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THE RIGHT TO EQUALITY.doc - THE RIGHT TO EQUALITY: 1. The...

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THE RIGHT TO EQUALITY:1.The stages of the enquiry:Section 9 of the Constitution contains 5 sections:Sec 9(1) deals with the principle of equality before the law.Further everyone isentitled to the equal protection and benefit of the law.Sec 9(2) provides or affirmative action measures.Sec 9(3) lists 16 grounds on which unfair discrimination will be presumed.Refers tothe state.Sec 9(4) extends the prohibition of unfair discrimination to horizontal levels.Refersto private persons.Sec 9(5) presumes state or private discrimination on the listed grounds in 9(3) to beunfair.InHarksen v Lane No and others1998 (1) SA 300 (CC)(a) Does the provision differentiate between people or categories of people? If so,does the differentiation bear a rational connection to a legitimate government purpose?If it does not then there is a violation of s 9(1). Even if it does bear a rational connection,it might nevertheless amount to discrimination.(b) Does the differentiation amount to unfair discrimination? This requires a two-stageanalysis:(i)Firstly, does the differentiation amount to 'discrimination'? If it is on aspecified ground, then discrimination will have been established. If it is noton a specified ground, then whether or not there is discrimination willdepend upon whether, objectively, the ground is based on attributes andcharacteristics which have the potential to impair the fundamental humandignity of persons as human beings.(ii)If the differentiation amounts to 'discrimination', does it amount to 'unfairdiscrimination'? If it has been found to have been on a specified ground,then unfairness will be presumed. If on an unspecified ground, unfairnesswill have to be established by the complainant. The test of unfairnessfocuses primarily on the impact of the discrimination on the complainantand others in his or her situation.InHarksen v Lanethe CC set down 3 factors which must be considered whendetermining whether the discrimination has an unfair impact:(a)The position of the complainants in society and whether they have suffered in thepast from patterns of disadvantage.(b)The nature of the provision or power and the purpose sought to be achieved byit. If its purpose is not directed, at impairing the complainants but is aimed atachieving a worthy and important societal goal, such as, for example, thefurthering of equality for all, this purpose may, depending on the facts of theparticular case, have a significant bearing on the question whether complainantshave in fact suffered the impairment in question.1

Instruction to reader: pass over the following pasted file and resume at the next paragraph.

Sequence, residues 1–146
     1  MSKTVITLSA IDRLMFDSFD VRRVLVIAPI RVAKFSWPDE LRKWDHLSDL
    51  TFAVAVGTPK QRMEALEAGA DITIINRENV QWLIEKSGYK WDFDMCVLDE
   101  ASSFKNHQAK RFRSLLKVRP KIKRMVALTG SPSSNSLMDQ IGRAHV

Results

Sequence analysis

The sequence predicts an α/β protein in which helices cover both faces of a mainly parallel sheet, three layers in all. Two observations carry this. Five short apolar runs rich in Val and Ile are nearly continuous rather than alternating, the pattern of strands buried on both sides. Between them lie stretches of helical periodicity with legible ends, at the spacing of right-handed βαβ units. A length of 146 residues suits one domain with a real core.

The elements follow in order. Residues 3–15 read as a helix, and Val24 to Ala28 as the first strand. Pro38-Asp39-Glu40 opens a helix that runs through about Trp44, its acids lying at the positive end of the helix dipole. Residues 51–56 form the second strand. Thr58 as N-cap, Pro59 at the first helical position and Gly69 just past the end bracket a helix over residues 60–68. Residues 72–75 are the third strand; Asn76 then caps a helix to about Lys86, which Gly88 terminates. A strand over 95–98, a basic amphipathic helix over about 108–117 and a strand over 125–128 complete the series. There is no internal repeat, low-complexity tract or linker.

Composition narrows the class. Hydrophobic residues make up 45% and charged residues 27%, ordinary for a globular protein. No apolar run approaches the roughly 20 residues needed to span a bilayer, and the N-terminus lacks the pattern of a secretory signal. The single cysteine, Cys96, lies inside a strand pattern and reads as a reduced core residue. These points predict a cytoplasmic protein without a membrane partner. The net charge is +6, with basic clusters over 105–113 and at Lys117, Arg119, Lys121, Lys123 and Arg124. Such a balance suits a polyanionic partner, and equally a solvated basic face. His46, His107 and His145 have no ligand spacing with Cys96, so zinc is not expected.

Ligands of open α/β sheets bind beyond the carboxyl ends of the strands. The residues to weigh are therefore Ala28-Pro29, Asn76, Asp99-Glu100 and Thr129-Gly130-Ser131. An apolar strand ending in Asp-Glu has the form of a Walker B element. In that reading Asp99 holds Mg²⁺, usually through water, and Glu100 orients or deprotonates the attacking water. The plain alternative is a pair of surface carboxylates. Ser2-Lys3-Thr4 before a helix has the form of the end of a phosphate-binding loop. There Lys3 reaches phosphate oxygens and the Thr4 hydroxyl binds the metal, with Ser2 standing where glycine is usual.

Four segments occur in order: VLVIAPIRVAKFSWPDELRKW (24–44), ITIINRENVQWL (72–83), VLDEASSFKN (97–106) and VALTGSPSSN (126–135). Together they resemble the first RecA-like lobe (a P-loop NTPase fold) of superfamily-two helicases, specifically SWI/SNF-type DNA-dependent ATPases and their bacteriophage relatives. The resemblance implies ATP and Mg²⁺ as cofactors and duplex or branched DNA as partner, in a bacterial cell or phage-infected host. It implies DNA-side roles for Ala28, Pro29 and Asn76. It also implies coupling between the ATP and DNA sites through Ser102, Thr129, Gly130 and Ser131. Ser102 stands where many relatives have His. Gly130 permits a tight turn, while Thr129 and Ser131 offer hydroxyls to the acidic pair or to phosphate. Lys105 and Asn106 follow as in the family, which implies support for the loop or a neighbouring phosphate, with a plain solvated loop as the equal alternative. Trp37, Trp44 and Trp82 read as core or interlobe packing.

(c)The extent to which the discrimination has affected the rights or interests ofcomplainants and whether it has led to an impairment of their fundamentalhuman dignity or constitutes an impairment of a comparably serious nature.

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